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John Holdren on Abortion and Morality

Morgen on July 22, 2009 at 2:19 pm

The President’s Chief Science Adviser, John Holdren, has come under fire lately for some radical views he expressed in the 1970′s regarding the possibility of using forced sterilization and abortion to manage population growth. The blog zombie time was the first to break this story in the blogosphere, and it has since been picked up by the Washington Times and Fox News. Population control in general was a significant focus for Holdren in the 70′s, and he frequently collaborated in research and writing with Paul Ehrlich, the infamous author of the The Population Bomb.

I decided to do a little digging of my own and found a related article that Holdren and Ehrlich co-authored in 1971 which outlines their general views on abortion. The title alone is pretty enlightening:

“Abortion and morality: Has a potential human the right to live inside an actual woman without her consent?”

Unfortunately I’ve been unable to find a copy online to link to. The archived copy I was able to find is of pretty poor quality, but you can download and print off a copy here.

Here is an extended excerpt of the portion of the article dealing with morality (emphasis added below):

The question of morality usually centers on whether abortion is equivalent to taking a human life. A fetus is certainly aliveas are the cells destroyed every time you brush your teeth – but it is a potential rather than an actual human being. The some thirty thousand eggs present in the ovaries of each human female at birth are also potential human beings one step removed, since they require only sperm – available in abundance – to become embryos. Only a tiny fraction of these eggs are fertilized, however, and society does not mourn the rest. Nor is much thought given to the countless early spontaneous abortions that pass unnoticed in the menstrual discharge. If abortion is “murder”, are these “accidental deaths”?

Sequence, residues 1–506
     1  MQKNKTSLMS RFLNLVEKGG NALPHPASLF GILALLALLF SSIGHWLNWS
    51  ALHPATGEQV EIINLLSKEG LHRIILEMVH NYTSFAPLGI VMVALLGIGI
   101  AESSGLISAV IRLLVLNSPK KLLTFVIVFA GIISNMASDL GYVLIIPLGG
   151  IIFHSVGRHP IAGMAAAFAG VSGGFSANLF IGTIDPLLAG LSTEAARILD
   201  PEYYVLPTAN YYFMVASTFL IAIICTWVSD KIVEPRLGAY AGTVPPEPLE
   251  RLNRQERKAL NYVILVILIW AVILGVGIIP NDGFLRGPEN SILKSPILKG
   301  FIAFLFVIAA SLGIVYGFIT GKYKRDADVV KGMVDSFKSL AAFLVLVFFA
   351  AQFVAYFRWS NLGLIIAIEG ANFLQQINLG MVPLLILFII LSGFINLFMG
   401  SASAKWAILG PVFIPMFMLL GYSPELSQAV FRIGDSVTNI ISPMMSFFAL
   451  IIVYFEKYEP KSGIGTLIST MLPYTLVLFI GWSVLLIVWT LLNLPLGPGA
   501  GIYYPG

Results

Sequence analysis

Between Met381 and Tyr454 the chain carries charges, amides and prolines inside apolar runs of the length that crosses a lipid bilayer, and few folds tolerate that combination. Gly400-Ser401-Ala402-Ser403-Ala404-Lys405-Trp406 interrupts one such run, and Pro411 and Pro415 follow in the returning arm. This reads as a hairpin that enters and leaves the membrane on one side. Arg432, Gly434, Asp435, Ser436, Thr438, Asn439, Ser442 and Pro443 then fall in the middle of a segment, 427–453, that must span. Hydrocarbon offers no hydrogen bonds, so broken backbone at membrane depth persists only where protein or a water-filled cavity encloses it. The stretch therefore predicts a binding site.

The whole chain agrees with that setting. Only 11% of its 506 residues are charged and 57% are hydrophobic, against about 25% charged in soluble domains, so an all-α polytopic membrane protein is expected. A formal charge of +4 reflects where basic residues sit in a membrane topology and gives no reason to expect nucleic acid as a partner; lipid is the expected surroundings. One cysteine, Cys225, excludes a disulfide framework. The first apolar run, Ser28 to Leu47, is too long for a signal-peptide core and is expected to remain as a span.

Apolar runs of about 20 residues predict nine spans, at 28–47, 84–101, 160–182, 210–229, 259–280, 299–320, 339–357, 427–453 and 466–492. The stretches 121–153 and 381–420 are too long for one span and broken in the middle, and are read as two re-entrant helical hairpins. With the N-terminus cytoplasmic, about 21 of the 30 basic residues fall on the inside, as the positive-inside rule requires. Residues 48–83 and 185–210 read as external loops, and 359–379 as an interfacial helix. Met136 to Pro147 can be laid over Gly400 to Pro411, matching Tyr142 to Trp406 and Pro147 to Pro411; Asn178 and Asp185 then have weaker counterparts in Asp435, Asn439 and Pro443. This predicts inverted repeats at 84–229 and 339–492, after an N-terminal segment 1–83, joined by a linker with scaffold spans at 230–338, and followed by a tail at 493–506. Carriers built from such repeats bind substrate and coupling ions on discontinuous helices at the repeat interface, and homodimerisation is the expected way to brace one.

Such a reductio ad absurdum is not to suggest that abortion be undertaken frivolously. However, it does underline the distinction between potential and actual human beings that is already implicitly recognized by society. Denial of abortion subjects actual humans to the anguish of compulsory pregnancy and the burden of unwanted children – a burden that mothers share with siblings who may already be receiving insufficient care and attention, with unwanted children who may be abused or abandoned, and with the society that ultimately must cope with the maladjusted product. If actual human beings are of more consequence than potential ones, then abortion is moral

If abortion is needed by individuals and by society, is medically safe, and is not patently immoral, it is difficult to be sure exactly what is accomplished in subjecting the procedure to restrictive government scrutiny. The legal distinction between potential and actual human life is clearer than the biological one. Infants are entitled to due process and equal protection under the Fourteenth Amendment to the Constitution, but fetuses are not. Because of this distinction, the relaxation of abortion laws could scarcely imperil the rights of infants or of elderly and otherwise dependent people. Moreover, as Lynette Perkes stated eloquently in a letter to the editor of Newsweek, “…neither they nor anyone else in our society now have a right even remotely like the one in question – the right to live inside the body of another person against that person’s will.